It only takes a second for a fight to break out and someone to get hurt. Only after several months of conflict-free interactions should you consider allowing them to roam freely together without your supervision.

Don’t force it.

In some cases, you might be able to make a pet situation work. Cats may require separate litter boxes, or dogs may need to be fed separately if they get possessive of food.

For some animals that seem aggressive, you may need to call upon a trainer or a behavioral specialist to see if the situation can be worked out. But there will be times when it simply won’t happen. Some animals are made for the single-pet life, and it would be detrimental to both pets (and you!) to try and force it.

Having multiple animals can prevent loneliness and stress for your pets while you’re gone, and thus keep them from destructive behaviors. But it’s important to be prepared going into the introductions so that everyone gets off on the right foot–er, paw.

Looking for more tips, interested in adorable pet pics or just want to get more information on what we do? Stay connected with Bark + Boarding on FacebookInstagram and our website!

Click here to check out our short video about this article!

Mention this article for a FREE evaluation and click here to sign up for one today. If you have a question about your pet, feel free to come in, or email [email protected] any time.

0 Comments

The Chew: Dos and Don’ts of Introducing Your Pets to Each Other — Part 1

The following bi-weekly column is written and sponsored by Bark + Boarding, which provides a heart-centered and safe environment for your pets. Conveniently located at 5818-C Seminary Road in Bailey’s Crossroads, Bark & Boarding offers doggy daycare, boarding, grooming, walking and training services, plus in-home pet care.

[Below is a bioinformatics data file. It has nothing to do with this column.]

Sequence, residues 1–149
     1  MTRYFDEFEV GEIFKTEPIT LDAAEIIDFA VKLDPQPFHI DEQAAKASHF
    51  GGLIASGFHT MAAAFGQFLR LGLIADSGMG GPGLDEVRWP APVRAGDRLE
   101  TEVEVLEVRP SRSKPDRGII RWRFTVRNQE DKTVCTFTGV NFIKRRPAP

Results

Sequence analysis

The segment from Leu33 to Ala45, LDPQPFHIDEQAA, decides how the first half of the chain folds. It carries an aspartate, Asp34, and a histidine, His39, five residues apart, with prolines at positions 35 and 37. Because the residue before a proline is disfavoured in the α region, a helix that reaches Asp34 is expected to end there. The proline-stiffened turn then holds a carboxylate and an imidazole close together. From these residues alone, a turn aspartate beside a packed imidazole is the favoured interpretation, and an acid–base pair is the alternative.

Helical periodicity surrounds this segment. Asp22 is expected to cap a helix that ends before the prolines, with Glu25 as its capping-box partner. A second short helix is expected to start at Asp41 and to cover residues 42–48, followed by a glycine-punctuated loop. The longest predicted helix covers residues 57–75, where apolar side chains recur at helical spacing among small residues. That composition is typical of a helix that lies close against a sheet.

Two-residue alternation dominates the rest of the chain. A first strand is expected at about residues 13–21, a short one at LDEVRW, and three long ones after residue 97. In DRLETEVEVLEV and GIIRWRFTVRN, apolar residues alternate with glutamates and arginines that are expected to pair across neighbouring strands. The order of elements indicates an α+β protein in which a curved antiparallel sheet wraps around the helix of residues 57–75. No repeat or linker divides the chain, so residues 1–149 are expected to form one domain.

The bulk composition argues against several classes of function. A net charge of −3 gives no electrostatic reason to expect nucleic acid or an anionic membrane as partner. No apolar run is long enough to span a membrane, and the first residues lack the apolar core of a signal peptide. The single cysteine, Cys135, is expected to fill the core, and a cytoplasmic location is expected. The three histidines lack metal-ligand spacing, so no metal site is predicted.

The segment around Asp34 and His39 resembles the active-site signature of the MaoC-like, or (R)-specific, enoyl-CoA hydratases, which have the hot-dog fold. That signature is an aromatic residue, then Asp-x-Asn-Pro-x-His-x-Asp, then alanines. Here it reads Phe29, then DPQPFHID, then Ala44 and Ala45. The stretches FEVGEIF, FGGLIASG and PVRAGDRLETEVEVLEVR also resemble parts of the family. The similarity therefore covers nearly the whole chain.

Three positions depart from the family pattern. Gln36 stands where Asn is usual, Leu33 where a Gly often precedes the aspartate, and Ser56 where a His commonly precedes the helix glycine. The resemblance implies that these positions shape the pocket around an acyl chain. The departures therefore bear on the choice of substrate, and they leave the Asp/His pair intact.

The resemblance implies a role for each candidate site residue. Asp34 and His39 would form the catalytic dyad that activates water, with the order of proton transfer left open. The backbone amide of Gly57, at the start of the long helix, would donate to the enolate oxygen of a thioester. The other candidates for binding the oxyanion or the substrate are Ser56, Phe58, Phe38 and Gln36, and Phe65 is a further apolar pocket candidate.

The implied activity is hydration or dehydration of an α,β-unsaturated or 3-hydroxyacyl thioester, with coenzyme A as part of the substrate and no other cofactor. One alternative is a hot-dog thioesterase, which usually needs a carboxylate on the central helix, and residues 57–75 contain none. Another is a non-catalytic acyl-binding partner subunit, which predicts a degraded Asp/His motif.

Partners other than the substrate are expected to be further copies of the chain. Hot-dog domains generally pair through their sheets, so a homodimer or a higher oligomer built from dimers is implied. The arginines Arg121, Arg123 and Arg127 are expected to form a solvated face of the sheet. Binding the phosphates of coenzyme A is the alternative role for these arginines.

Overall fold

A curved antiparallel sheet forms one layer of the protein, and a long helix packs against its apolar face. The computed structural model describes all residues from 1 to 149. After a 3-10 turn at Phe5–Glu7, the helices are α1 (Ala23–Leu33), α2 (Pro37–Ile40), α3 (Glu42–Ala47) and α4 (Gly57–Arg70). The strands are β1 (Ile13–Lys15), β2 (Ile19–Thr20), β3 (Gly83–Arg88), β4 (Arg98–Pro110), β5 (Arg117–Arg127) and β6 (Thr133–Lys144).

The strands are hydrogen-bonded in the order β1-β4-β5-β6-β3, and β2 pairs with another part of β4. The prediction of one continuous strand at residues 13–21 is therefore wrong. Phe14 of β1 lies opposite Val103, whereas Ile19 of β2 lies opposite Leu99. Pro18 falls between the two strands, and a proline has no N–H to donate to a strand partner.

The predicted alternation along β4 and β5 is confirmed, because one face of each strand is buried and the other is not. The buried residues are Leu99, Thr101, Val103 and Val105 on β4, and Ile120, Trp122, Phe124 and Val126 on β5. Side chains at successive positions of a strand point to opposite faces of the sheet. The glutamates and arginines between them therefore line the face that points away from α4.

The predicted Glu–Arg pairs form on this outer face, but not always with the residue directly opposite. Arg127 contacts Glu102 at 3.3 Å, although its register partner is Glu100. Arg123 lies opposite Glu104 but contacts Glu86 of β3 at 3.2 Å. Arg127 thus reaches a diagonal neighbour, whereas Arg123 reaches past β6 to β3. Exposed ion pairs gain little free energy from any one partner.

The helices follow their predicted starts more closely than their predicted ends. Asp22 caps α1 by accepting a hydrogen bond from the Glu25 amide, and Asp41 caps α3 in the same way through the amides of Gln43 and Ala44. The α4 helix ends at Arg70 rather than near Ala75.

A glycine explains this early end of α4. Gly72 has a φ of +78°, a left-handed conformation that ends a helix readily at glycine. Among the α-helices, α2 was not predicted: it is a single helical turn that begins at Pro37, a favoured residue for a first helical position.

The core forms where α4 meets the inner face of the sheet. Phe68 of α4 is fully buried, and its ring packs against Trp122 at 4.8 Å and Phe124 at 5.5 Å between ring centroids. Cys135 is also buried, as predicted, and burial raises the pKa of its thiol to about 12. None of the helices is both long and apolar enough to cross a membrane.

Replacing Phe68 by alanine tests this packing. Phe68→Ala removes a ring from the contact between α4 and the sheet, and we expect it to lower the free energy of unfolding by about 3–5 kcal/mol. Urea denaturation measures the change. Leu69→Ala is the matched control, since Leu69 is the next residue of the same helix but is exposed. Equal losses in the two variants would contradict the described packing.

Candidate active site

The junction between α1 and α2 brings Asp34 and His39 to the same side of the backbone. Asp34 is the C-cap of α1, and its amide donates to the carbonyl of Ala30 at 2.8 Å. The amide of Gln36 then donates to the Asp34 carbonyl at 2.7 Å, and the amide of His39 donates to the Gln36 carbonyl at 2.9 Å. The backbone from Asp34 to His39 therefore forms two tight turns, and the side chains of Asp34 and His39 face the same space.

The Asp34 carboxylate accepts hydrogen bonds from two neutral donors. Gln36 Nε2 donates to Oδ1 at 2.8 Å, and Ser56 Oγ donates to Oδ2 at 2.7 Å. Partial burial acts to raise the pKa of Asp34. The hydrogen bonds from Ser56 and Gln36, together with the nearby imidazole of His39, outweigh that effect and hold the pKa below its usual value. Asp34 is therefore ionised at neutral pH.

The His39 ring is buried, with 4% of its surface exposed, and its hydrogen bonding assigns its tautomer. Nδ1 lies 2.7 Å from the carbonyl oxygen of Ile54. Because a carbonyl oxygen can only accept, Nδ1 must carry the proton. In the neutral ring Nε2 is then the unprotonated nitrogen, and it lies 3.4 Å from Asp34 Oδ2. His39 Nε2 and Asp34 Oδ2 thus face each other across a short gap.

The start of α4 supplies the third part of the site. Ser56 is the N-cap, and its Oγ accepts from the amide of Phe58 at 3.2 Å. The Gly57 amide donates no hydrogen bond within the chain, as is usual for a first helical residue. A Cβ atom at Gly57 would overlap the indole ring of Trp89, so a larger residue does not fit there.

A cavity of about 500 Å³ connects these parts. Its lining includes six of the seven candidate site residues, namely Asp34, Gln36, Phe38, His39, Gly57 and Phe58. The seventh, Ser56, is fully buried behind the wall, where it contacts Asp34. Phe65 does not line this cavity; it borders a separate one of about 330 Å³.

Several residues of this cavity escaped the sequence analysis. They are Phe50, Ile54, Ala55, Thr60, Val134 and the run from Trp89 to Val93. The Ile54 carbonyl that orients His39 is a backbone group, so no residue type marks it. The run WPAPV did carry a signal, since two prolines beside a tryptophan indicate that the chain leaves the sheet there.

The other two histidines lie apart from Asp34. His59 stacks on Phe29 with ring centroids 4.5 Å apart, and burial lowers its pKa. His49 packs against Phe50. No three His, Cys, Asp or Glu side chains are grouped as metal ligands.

by Chelsea Pennington, Bark + Boarding Writer and Animal Enthusiast

Having multiple pets can be fun for the owner and keep the animals from getting lonely, but can also present problems. The best way to avoid these problems is introduce the animals to each other slowly and give them time to adjust to this change.

Do get to know your animals individually beforehand.

You may think your dog is friendly, but if they’ve only ever interacted with a couple of dogs, they may not be as social as you think.

Likewise, some cats are just more social than others. Make sure you choose animals with matching personalities. A rambunctious, playful dog may overpower a shy cat or possibly even injure an older cat unknowingly.

An older, relaxed cat might get annoyed by a kitten who insists on playing, and while they might grow out of this stage, it could be stressful for the older cat and lead to fights. Some dogs or cats just may not have the right personality to put up with the other one and should be single pets.

Don’t forget that scent is very important.

When introducing one dog to another, walk the dogs going the same direction with a safe distance apart, but still within eyesight of each other. Then allow each dog to smell where the other dog has walked. If either of them snarls or lunges toward the other consider consulting a professional dog trainer or behavioral specialist before having the dogs meet.

For cats, begin by feeding both cats on either side of a door. Start with each bowl a couple feet away from the door, and slowly decrease the distance until they are eating directly on opposite sides of the door without reacting.

Next, take a blanket that each cat has used and give it to the opposite cat, again, allowing him or her to become more familiar with the other one’s scent. From there, allow the newcomer cat to explore outside of their room while confining the resident cat to the newcomer’s room.

Use a similar approach when introducing dogs to cats. Give the newcomer a room of their own to adjust to their new situation. Then begin feeding the animals on opposite sides of the door.

If your dog obsessively digs or barks at the barrier for more than a day or two, you may want to consult a behavior specialist before allowing them to meet face to face. If both animals seem comfortable, allow them to switch spaces, giving the newcomer time to explore the house and the resident to get used to the new scent.

Do have the animals meet in a controlled setting.

For dogs meeting dogs, it should occur on neutral ground, like a park or pet supply store. Both dogs should be on a leash as they are introduced and allowed to sniff each other.

The first interaction between cats can occur by partially propping open the door to the room where the new cat has been staying. It should be wide enough so the cats can see each other, but without being able to really interact or claw at each other if things go poorly.

When introducing dogs and cats to each other, keep the dog on a leash. The cat should be able to leave the room if they wish. Eventually, your dog should be able to ignore the cat and stay calm, and the cat should be able to eat and use the litter box regularly even with the dog nearby.